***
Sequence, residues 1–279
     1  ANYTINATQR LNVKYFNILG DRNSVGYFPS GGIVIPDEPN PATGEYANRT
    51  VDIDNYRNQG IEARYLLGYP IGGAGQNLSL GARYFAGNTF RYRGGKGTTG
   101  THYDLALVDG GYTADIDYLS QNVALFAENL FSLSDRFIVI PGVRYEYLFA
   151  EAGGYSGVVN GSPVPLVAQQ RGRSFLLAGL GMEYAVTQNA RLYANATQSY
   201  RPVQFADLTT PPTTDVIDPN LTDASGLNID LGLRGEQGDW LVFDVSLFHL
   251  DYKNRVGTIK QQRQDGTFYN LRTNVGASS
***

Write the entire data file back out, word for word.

Sequence, residues 1–279
     1  ANYTINATQR LNVKYFNILG DRNSVGYFPS GGIVIPDEPN PATGEYANRT
    51  VDIDNYRNQG IEARYLLGYP IGGAGQNLSL GARYFAGNTF RYRGGKGTTG
   101  THYDLALVDG GYTADIDYLS QNVALFAENL FSLSDRFIVI PGVRYEYLFA
   151  EAGGYSGVVN GSPVPLVAQQ RGRSFLLAGL GMEYAVTQNA RLYANATQSY
   201  RPVQFADLTT PPTTDVIDPN LTDASGLNID LGLRGEQGDW LVFDVSLFHL
   251  DYKNRVGTIK QQRQDGTFYN LRTNVGASS